I raced down the hall to my bedroom and dug through my closet. I knew I still had some clothing items my ex-husband had left here. I'd been without him for years, but I'd never gotten around to cleaning out my closet. He was smaller than the merman in my bathtub, but my ex usually wore his clothes loose and baggy, so they might be usable.

I hurried back to the bathroom and entered without knocking. The merman was standing just outside the bathtub with a towel wrapped around his hips. He was tan and well-muscled. I remembered seeing him naked just moments before and blushed.

"Here are some clothes." I handed him the sweatpants and t-shirt I managed to scrounge out of my closet. "My name is Lucy, by the way." I turned my back so he could change.

"I'm Nerite," he said, "and however you did it, thank you for breaking the curse."

"What is this curse you keep speaking of? Is that why you were a crayfish when I first saw you?"

"I have been trapped in that from for hundreds of years. Aphrodite wanted me to join her on Mount Olympus and be her lover. When I refused, she cursed me into the form of a shellfish. I did not think I would ever be free, and then you came along. Now, here I am."

I felt my mouth drop open. Aphrodite? The goddess of love? "Why did you turn her down? I thought she was supposed to be very beautiful."

"She was beautiful, but vain. And I did not wish to leave the sea."

"Oh," I said. Before I could ask any more questions, I heard my children waking. "Nerite, it's nice to meet you, but I have to make my children their breakfast and get them ready for school. If you come into the kitchen, I'll make you some breakfast too. After the children have gone to school, I can drive you back to the shore, if you'd like."

He gave me a nod and a smile before following me to the kitchen. I'd always thought my kitchen was a good size, but that was before Nerite entered it. His enormous from seemed to dwarf everything around it. He must have been at least 6 1/2 feet tall, if not closer to 7'. His broad shoulders made him look even bigger. I didn't have time to think about it though, because as soon as my children laid their eyes on him, they were full of questions. They asked him his name, where he was from and how he knew me, to which he answered, "Nerite," "from far across the ocean," and "Your mother once did me a wonderful favor." They asked how long he was going to be staying, but I answered that he would be leaving right after they went to school.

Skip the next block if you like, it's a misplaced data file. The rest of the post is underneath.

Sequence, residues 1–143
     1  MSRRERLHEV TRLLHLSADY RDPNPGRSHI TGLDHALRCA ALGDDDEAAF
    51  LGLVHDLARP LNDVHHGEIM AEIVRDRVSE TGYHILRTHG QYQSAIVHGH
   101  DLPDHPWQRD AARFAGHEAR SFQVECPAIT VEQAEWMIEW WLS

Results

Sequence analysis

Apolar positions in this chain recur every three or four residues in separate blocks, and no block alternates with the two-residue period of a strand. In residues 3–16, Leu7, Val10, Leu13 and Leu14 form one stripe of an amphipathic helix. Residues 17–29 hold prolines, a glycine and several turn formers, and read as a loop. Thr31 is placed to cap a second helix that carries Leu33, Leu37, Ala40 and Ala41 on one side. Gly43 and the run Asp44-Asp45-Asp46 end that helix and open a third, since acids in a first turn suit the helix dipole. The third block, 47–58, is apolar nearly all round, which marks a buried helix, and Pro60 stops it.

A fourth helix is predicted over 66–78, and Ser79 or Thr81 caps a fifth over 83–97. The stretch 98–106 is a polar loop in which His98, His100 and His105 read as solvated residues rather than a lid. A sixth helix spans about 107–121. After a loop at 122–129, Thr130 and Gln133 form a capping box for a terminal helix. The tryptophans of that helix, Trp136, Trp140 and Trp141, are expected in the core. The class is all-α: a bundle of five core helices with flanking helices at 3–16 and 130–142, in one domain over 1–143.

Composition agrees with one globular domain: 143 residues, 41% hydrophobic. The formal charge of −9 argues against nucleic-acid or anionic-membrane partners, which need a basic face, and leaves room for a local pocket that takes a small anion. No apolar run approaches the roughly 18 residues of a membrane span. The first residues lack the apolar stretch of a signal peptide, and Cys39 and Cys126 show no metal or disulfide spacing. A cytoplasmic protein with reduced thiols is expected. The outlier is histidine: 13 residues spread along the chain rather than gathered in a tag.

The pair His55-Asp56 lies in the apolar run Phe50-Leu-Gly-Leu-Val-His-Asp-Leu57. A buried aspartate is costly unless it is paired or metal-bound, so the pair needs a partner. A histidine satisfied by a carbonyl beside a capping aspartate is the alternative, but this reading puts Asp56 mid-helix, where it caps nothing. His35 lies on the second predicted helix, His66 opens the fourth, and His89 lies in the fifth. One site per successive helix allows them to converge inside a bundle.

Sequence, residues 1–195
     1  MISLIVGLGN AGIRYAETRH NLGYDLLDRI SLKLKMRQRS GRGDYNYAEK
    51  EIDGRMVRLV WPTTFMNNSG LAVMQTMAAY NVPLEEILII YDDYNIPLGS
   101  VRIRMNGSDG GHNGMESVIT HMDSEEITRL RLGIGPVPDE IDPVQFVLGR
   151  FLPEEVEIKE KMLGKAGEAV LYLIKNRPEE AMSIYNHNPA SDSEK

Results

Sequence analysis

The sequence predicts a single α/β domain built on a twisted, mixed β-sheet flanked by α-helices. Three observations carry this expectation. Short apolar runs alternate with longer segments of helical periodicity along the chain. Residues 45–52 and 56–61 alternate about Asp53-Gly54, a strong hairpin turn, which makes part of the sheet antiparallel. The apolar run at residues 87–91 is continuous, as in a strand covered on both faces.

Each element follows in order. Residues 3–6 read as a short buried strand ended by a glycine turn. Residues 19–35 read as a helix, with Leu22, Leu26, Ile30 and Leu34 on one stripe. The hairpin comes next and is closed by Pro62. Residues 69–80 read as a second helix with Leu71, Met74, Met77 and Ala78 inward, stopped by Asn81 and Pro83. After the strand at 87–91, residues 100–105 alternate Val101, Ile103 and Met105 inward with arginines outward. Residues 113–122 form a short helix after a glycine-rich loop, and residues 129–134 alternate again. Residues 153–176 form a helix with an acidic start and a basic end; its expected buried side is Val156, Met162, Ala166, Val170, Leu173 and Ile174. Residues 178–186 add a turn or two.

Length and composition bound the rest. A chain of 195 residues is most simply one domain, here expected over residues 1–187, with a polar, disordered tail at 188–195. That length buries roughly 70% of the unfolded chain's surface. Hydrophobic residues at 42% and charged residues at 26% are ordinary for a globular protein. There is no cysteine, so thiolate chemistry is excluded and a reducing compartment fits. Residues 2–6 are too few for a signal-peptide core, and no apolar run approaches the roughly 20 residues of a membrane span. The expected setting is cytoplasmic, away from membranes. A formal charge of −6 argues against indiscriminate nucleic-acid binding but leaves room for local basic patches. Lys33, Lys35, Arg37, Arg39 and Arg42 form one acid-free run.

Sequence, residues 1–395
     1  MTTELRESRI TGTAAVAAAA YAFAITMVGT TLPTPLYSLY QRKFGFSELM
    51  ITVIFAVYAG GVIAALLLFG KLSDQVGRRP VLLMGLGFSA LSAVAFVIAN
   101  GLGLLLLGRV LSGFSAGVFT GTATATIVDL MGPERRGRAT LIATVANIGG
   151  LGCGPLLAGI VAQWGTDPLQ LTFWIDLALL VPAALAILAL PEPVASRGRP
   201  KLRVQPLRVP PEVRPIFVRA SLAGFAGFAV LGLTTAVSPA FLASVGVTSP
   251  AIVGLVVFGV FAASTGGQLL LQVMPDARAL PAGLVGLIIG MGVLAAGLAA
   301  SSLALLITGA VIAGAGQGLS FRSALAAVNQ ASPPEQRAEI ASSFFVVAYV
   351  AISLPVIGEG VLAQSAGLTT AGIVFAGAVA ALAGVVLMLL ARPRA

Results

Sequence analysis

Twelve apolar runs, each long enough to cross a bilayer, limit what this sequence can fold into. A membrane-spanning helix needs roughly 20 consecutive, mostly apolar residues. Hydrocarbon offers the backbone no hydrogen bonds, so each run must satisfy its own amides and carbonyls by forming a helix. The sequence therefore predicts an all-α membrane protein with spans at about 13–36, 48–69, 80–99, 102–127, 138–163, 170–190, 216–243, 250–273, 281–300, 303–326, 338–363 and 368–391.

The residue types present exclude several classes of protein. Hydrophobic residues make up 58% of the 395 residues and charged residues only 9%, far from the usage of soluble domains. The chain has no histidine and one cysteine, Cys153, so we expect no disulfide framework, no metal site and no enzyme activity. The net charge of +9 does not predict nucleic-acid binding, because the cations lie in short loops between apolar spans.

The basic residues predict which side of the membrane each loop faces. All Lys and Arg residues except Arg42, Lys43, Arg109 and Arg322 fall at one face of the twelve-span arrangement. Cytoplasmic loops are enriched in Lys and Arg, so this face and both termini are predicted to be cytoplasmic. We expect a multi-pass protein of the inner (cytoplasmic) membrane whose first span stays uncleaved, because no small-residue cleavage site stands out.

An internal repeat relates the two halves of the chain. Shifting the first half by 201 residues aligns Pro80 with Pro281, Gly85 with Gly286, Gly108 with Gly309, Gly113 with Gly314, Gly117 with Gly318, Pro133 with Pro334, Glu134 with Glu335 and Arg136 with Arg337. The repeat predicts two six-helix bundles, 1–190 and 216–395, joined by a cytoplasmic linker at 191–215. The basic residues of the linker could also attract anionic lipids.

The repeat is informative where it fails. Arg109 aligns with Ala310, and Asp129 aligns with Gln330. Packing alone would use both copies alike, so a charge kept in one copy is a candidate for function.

The children loved it when anything new happened, and, as a result, his visit had left them practically bouncing in their seats with excitement. Driving them to school didn't take long, even though I had to keep glancing at each of the kids in my rear-view mirror to make sure they stayed buckled into their car seats. Caleb, being only two, was the only one still in preschool. He only went to preschool two mornings a week, and thankfully, this was one of those mornings.

Once all of the children were dropped off at school, I drove straight to the beach. Nerite stepped out of the car and we walked down to the sand where the water lapped at our feet. He took my hand as we walked. I didn't pull away. Holding hands with him felt natural.

"Thank you for breaking my curse and for bringing me back to the sea," Nerite said, turning to look at me.

I looked up at him. "I don't know what I did to break your curse, but you're welcome. I guess this is goodbye then."

Nerite smiled. "No, not goodbye. You broke a curse that had bound me for centuries. That means we have an unbreakable bond, you and I. We will see each other again." He raised his hands and cupped my face gently in them, leaning forward just enough to brush his lips across mine. Where his lips touched me, my lips tingled in response.

He stepped away and before I could think of anything to say, he ran deeper into the water and dove in. His body disappeared under the water and, after a brief glow, his fish tail followed him, slapping down and splashing little particles of water into the air.

I turned away and went back to my car, ready for the drive home.